architecture introduced in Section 2.2 requires a new element called
   PANA Relay Element (PRE).  PRE is needed to enable PANA messaging
   between a PaC and PAA because the two nodes cannot reach each other
   by means of regular IP routing since only a link-local IPv6 address
   can be used by PaC prior to the completion of a succesful
   authentication.

   PRE which is one hop away from PaC receives PANA messages and relays
   the message contents (payload) by encapsulating it in a message



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   parameter called Attribute Value Pair (AVP).  PRE also needs to send
   header contents such as PaC's IP address and UDP port number in a
   different AVP.  PRE has IP routing established with PAA which could
   be several hops away.  PAA sends its reply messages in which the
   payload is encapsulated in an AVP.  It also adds the AVP containing
   PaC's IP address and UDP port number.  PRE creates a link local PDU
   using these AVPs and sends it to PaC [I-D.ohba-pana-relay].

   The requirements for the use of PANA as a bootsrapping protocol can
   be stated as follows:

   o  A new entity called PANA Relay Element may be added to the PANA
      architecture.  Behaviour of PANA Relay Element needs to be
      defined.  New AVPs needed for PANA Relay Element operation for
      properly relaying messages from the client to the authenticator
      and vice versa are required to be specified.

   o  An extension to PANA to securely distribute keys from the PANA
      Authentication Agent to the PANA Client using AES Key Wrap with
      Padding algorithm needs to be defined.  This is needed in order to
      use PANA for multicast group key distribution.

C.3.  HIP-DEX

   [RFC4423] introduces the Host Identity Protocol (HIP) where the Host
   Identity (HI) is a Cryptographic key (RSA, DSA, or ECC).  A 128-bit
   length Host Identity Tag (HIT) is derived from the HI (hashed) and
   functions as an IPv6 address (/128 prefix) for applications.  A four-
   packet Peer-to-Peer Host Identity Protocol Base EXchange (HIP BEX)
   establishes a security association (SA, similar to IKE), indexed by
   the HITs, but independent of the IP address.  So HIP can be
   considered as a shim layer between the transport(TCP/UDP) and IP,
   providing authentication, data confidentiality, mobility in one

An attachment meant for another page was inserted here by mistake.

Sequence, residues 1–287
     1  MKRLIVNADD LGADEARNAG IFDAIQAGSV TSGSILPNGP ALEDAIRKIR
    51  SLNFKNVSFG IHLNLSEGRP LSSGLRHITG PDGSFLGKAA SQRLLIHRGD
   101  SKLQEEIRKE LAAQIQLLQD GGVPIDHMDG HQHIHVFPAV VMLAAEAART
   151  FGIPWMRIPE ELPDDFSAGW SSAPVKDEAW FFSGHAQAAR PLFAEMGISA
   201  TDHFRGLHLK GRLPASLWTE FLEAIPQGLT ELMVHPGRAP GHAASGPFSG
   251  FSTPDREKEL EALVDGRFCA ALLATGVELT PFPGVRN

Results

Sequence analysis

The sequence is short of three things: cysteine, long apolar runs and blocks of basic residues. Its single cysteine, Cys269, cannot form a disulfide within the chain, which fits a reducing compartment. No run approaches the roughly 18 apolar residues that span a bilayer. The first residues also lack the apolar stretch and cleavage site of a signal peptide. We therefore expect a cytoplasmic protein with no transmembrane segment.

basket.

   As with IKE, HIP is typically used as a Key Management Protocol (KMP)
   for ESP.  However, HIP is independent of IP and ESP and can be used
   for a KMP for any secure communication protocol at any level.  Thus
   HIP can provide keying material for the MAC, IP, and Transport
   layers.  HIP can be run directly over the MAC in an Ethernet Frame or
   within an Information Element in a MAC control frame.  HIP can be run
   over UDP, traversing firewalls, and push keys over to Transport
   security protocols like SRTP or (D)TLS.  Further, HIP could start on
   the MAC, then be enveloped over UDP after the first link.

   The HIP-BEX involves many crypto primitives that are difficult to run
   on constrained nodes.  HIP Diet Exchange (HIP-DEX)
   [I-D.moskowitz-hip-rg-dex] is a way to make HIP lightweight.



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   Basically, HIP-DEX a variant of the HIP-BEX specifically designed to
   use as few crypto primitives as possible yet still provide the same
   class of security features as HIP-BEX.

   HIP-DEX can be used for mutual authentication between two endpoints.
   After mutual authentication, the two endpints establish a shared
   secret, which is fresh and fed into the encryption algorithm for data
   confidentiality.  So HIP-DEX can achieve the authentication, key
   freshness and data confidentiality objectives of security
   bootstrapping.

   When a node wants to authenticate to the network using HIP and Diet-
   HIP, it should be able to complete the HIP-BEX or HIP-DEX with the
   trust anchor or some delegate.  In HIP, it does not matter how many
   domains, and nodes can authenticate each other as long as they have
   the secret.

   In the architecture introduced in Section 2.2 the node and router
   could be the HIP end-points.  Or the router could be a HIP Rendezvous
   Server, with the node registering to the rendezvous server (RVS)
   [RFC5204] to be reachable by other nodes.  Typically the initial
   interaction will have the node be the HIP DEX Initiator with the
   router being the Responder.  Using the RVS function on a Router any
   node could be the Initiator with any other Responder node.  As long
   as there is IP connectivity between the Initiator and Responder, they
   can be multiple hops away from each other.  Alternatively if the
   first hop from the Initiator has knowledge of the IP address of the
   Responder, it can act as a MAC/IP gateway for HIP.

   An important requirement for the HIP-DEX to work in the architecture,